Eratosthenes, a Greek geographer (about 276 to 194 B.C.), made a surprisingly accurate estimate of the earth's circumference. In the great library in Alexandria he read that a deep vertical well near Syene, in southern Egypt, was entirely lit up by the sun at noon once a year. Eratosthenes reasoned that at this time the sun must be directly overhead, with its rays shining directly into the well. In Alexandria, almost due north of Syene, he knew that the sun was not directly overhead at noon on the same day because a vertical object cast a shadow. Eratosthenes could now measure the circumference of the earth (sorry Columbus) by making two assumptions - that the earth is round and that the sun's rays are essentially parallel. He set up a vertical post at Alexandria and measured the angle of its shadow when the well at Syene was completely sunlit. Eratosthenes knew from geometry that the size of the measured angle equaled the size of the angle at the earth's center between Syene and Alexandria. Knowing also that the arc of an angle this size was 1/50 of a circle, and that the distance between Syene and Alexandria was 5000 stadia, he multiplied 5000 by 50 to find the earth's circumference. His result, 250,000 stadia (about 46,250 km) is quite close to modern measurements. Investigating the Earth, AGI, l970, Chapter 3, p. 66.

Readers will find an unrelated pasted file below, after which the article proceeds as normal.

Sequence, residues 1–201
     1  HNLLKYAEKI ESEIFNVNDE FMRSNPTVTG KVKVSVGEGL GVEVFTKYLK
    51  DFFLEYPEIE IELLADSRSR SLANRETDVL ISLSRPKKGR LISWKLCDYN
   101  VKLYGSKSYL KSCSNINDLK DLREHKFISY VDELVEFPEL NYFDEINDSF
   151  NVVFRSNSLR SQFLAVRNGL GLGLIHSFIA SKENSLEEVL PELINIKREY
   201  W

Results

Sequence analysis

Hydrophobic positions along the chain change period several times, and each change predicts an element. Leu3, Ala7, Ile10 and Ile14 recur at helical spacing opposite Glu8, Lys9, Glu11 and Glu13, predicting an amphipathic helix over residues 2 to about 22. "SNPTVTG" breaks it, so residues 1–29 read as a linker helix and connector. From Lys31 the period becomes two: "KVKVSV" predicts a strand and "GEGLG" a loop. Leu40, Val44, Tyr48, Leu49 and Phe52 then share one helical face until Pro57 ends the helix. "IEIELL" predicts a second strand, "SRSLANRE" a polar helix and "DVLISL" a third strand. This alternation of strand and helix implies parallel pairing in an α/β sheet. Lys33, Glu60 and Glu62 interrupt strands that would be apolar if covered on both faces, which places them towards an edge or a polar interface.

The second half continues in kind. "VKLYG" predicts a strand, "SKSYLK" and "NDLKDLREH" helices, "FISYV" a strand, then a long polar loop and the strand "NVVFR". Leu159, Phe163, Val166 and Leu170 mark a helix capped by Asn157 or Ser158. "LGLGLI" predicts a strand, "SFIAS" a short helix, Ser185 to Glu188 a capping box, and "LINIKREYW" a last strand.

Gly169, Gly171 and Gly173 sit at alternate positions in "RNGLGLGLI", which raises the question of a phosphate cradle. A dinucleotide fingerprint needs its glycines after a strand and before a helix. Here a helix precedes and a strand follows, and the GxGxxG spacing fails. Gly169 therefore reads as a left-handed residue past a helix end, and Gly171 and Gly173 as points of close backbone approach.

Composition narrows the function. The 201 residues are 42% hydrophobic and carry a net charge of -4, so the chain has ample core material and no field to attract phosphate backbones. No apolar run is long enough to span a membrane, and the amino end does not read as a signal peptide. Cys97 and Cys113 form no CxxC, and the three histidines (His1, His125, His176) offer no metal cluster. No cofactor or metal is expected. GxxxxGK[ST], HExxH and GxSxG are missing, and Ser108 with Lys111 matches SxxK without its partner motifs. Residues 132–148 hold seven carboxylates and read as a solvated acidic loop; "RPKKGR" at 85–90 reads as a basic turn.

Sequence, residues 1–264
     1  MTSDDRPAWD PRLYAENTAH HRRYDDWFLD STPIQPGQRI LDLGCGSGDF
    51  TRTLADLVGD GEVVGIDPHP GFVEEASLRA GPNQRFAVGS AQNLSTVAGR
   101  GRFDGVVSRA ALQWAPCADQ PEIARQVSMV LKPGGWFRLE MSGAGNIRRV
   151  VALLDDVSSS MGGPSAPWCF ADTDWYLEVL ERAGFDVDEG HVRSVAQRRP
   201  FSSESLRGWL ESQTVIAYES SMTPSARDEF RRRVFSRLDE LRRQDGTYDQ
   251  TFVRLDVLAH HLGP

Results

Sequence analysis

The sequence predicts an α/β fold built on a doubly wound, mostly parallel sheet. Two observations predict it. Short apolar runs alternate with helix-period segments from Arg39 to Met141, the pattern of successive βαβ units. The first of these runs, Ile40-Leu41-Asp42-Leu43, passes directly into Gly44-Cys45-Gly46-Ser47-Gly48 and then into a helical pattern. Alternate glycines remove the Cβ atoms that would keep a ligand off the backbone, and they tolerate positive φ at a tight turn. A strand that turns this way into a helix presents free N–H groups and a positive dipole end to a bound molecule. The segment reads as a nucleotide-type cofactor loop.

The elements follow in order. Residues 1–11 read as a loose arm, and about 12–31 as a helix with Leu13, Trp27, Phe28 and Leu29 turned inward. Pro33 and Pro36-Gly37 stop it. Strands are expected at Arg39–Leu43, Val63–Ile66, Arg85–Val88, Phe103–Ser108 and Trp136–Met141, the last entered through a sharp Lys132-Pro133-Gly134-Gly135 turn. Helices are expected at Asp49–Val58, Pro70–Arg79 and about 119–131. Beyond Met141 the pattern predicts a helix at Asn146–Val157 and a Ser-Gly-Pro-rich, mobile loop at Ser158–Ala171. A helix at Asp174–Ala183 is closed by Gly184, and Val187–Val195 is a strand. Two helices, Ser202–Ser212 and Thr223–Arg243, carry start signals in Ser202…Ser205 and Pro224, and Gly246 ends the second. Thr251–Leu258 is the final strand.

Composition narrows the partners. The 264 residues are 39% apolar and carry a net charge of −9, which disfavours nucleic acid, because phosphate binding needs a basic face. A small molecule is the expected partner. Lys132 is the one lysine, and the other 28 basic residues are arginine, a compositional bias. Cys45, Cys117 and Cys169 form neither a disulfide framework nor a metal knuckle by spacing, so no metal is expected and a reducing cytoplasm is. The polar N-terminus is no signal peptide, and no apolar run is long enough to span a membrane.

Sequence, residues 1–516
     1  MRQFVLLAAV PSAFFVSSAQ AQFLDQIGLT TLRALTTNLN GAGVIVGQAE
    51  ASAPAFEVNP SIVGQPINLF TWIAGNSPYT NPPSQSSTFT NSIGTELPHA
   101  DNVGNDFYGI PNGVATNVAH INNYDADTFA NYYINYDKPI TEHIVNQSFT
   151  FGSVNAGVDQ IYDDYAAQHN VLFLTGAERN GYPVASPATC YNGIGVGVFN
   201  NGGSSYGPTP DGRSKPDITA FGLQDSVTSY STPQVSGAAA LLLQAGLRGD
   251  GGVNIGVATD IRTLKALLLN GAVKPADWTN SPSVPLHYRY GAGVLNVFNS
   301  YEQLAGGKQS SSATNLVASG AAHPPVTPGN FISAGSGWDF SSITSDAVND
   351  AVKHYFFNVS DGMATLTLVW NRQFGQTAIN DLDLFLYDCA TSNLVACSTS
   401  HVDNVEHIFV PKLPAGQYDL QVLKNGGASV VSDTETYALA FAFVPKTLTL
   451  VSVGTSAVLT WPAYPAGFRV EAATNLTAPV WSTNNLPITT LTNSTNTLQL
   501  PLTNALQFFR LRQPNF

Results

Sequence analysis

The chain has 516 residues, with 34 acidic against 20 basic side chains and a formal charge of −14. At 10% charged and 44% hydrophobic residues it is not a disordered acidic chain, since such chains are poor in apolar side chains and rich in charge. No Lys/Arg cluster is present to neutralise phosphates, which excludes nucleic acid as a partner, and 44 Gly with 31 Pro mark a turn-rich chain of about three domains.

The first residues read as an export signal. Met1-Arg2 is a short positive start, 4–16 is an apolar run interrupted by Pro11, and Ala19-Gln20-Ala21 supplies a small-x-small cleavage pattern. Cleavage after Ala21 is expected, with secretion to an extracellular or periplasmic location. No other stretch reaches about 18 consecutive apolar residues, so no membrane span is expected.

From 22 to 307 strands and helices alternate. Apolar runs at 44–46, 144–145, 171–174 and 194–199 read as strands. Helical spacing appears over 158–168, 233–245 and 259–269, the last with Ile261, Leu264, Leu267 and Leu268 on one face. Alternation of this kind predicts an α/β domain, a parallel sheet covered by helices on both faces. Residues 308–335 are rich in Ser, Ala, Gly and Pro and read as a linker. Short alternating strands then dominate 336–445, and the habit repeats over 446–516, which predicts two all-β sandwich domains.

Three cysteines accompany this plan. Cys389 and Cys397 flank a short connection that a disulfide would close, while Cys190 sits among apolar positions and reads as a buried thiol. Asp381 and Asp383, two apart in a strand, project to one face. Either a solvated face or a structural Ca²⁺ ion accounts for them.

The formula Eratosthenes used is:

D A d=distance between Syene and Alexandria
_____ = _____ A=360 degrees assumption of round earth
a=shadow angle of vertical stick
d a D=to be determined (circumference)
All you need to do is place a vertical stick (shaft) into the ground at your school and when the sun reaches it's highest vertical assent for the day (solar noon therefore the shadow length will be the shortest), measure the angle of the shadow of the stick (a).
- \
stick -> - \
- a \ a=shadow angle
- \
- \

By doing this experiment on the equinox we all know that the vertical rays of the sun are directly over the equator, like the well at Syene. Using a globe or an atlas the distance between your location and the equator ( d in equation) can be determined and the circumference can be calculated.

How about sharing shadow angle measurement with others around the real globe. Contact others that would be willing to do collect the same data and exchange it possibly using the following format.

Your measurement of the shadow angle____________degrees
Your location city ____________________________________
Your location country _________________________________
Your latitude _________________________________________
Your longitude ________________________________________

When you have different sets of data compile them and compare the various locations and angles.

Original idea by Jim Meinke (September 1994)- Lakewood High School in Cleveland

Dr. Robert Sweetland's Notes ©